You may think an exit plan is all about selling your business. Not so; you can achieve a successful exit without a sale. That may seem a contradiction in terms, but your exit doesn’t mean you have to give up your ownership.
As you contemplate your and your business’s next phase you have two important decisions:
- what to do about your ownership/shareholding
- what to do about the time you invest in the business.
Time and money are the two primary assets you are considering with exit planning.
The most frequent response we get to asking a business owner about their exit plan is, “I’m not ready to sell yet”. However, when we ask about plans to spend less time in the business, delegate more and reduce the dependency on them the response is far more positive – at least in intent if not in the form of a meaningful plan.
Good exit planning fully addresses how you reduce your time commitment to the business whilst making the business stronger and more attractive to a future investor or buyer.
There are various scenarios where ‘getting your time back’ is the initial priority in an exit strategy – and may be the only focus of that strategy:
- You’re putting too much of yourself into the business and it is having a detrimental effect on you, possibly on your family and almost certainly on the business. Maintaining a high time and effort input is tough and doesn’t necessarily equate to long term success.
- You’re having a problem attracting and retaining great people. They may love the business but the reality for them is a sense that their contribution isn’t enough, they may not feel trusted and don’t develop to their (or your) potential. In short you are blocking their development and in so doing you inhibit business growth and reinforce the dependency of the business on you.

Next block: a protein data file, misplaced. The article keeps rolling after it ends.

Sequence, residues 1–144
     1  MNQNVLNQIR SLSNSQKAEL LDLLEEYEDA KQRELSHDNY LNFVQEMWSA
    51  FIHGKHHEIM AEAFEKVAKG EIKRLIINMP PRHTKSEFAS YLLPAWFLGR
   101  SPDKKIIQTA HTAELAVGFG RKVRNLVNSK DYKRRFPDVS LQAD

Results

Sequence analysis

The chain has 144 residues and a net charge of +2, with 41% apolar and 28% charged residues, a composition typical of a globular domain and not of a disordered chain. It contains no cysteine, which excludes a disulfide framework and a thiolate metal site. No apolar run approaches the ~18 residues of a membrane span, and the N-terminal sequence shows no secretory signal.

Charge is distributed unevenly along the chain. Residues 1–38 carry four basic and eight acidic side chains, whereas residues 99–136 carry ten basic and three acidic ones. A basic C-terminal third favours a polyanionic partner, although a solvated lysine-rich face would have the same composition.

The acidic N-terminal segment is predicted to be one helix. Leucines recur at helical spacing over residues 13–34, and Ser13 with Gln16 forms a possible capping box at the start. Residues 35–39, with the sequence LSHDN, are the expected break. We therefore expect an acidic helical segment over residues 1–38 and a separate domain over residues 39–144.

- You have the opportunities to grow but struggle to meet the demand and your own standards for client service. This may be another symptom of overdependence where you have kept hold of key processes or decisions, for example pricing and proposals or key client relationships, the result being you have capped your business’s capacity to grow.
- Taking time away from the business is problematic, in particular you may lack confidence that everything will go to plan while you are away. This applies equally to planned time out, a holiday for example, and unplanned or enforced absence, perhaps due to illness.
In each of these scenarios a plan to reduce your time commitment to the business can release greater growth potential, help build a stronger team and potentially re-energise you. An exit plan focussed on ‘time’ can result in a better, more profitable business that is a pleasure to own.
Furthermore, at the point where you start to consider ‘ownership transition’ i.e. the part of an exit plan that focusses on money, you are in a far better place both business-wise and personally to take the next step. This applies whether you are considering a full sale, attracting an investor to take on part of your shareholding or an internal transfer of ownership, for example through a management buy-out or employee ownership trust – because your team will have benefited from your reduced time commitment.
There is no time like the present to plan for a better more enjoyable period of business ownership. A plan to get back some of your time separately from a plan to reduce your ownership is a very attractive and practical approach to your exit strategy.
Curious to find out more? Contact Henchards.
(Photo by Camille Brodard on Unsplash)